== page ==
Wednesday, August 26, 2009

This article first appeared in Signature, The Newsletter of the DC Chapter of the Women's National Book Association, and is reprinted with permission of WNBA/Washington."
"The Girl I Left Behind" by Judith Nies,
reviewed by NC Weil
Copyright 2008 Signature newsletter

Know where the phrase "bra-burner" originated? In September 1968, a group of women performance artists went to Atlantic City to stage public events mocking the Miss America Pageant. One day they paraded a sash-wearing sheep up and down the boardwalk. They planned a bonfire of Instruments of Beauty Torture in which they intended to incinerate girdles, hosiery, bras, curlers, etc., but the mayor denied them a fire permit. Ironically, though that bonfire never happened, "bra burner" has been a favorite pejorative of detractors of feminism ever since. However, a direct result of that protest was the transformation of news rooms: the guerilla theater women refused interviews with male reporters – they would only speak to women. So the newspapers scrambled, and sent copy editors and society page writers to talk to these radicals.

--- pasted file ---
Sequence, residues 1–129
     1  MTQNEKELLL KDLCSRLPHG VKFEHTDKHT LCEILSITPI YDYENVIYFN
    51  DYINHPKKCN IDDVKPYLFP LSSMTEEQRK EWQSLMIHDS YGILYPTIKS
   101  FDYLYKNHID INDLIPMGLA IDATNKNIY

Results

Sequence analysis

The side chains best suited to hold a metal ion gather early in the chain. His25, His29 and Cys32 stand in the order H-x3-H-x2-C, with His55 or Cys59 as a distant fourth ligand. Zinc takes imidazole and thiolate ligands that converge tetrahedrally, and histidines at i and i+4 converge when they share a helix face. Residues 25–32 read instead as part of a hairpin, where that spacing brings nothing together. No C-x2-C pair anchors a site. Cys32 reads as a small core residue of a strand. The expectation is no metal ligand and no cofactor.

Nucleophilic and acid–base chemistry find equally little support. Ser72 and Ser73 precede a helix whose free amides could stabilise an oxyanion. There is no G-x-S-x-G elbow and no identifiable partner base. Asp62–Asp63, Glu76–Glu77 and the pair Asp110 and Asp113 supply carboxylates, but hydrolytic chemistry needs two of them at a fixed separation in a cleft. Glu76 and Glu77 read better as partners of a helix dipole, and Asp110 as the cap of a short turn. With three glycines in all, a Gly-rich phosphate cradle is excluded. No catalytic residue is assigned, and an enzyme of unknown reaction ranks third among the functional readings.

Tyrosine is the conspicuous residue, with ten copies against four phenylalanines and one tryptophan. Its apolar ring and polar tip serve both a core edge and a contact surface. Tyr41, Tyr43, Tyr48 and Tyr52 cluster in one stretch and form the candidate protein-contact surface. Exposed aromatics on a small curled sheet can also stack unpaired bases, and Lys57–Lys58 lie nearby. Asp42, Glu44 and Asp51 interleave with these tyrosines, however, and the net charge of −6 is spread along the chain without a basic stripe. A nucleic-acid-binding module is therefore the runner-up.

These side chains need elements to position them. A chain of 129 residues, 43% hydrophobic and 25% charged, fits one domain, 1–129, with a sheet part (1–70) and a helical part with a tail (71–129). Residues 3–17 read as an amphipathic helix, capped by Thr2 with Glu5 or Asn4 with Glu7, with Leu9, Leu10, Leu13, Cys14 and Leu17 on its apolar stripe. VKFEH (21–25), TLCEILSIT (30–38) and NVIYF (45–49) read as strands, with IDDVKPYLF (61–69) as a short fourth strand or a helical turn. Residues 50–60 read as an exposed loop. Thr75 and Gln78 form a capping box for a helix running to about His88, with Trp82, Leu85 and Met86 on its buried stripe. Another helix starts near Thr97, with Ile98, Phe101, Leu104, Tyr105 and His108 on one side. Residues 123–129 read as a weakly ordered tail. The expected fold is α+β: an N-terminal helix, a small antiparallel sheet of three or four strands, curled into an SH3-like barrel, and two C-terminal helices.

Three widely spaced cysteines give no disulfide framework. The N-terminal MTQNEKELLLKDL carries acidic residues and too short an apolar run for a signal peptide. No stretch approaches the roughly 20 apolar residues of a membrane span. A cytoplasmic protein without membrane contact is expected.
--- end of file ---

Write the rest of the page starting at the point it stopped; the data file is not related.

This was just one of the many stories Judith Nies told in July, at Politics & Prose to promote her new book THE GIRL I LEFT BEHIND: A Narrative History of the Sixties. It was a homecoming for Nies whose awakening centered on her work in Washington DC. Her personal history parallels American society's changes in a turbulent time – without styling herself a radical or even a feminist, she was nevertheless present at pivotal moments. She came of age when women were "girls", when elegance of dress and presentation were essential and "girls" were supposed to be gracious and helpful, working til they married then dropping out of sight. As a graduate student at Johns Hopkins' SAIS, she was told to use the rear entrance when Dean Acheson invited her class to dinner at the Cosmos Club (the males used the front door). SAIS classmate Madeline Albright counseled her she'd go further if she "didn't make a fuss". Ms. Nies laughed to her audience: "I guess she was right!"
It's not that she looked for trouble – in the course of doing her job she came up against absurd rules, and wouldn't let them stop her. For example, as the lone staffer for ten antiwar Congressmen, she was required to attend a hearing in the Senate, but the doorkeeper wouldn't let her in – he sent her to the Ladies' Gallery. She complained and was informed no woman was ever going to be admitted, so she documented that this violated the Senate's own rules. Later, Tip O'Neill (a fellow member of Weight Watchers), informed her the Ladies Gallery had been closed, based on her challenge.
Adventurous, resourceful and persistent, Judith Nies tells a great story. If you're fifty or older, you'll nod remembering; if you're younger, you'll be astonished – were women that restricted that recently? YES! You owe it to yourself to read this book.

Sunday, August 23, 2009

NY times Letter to Editor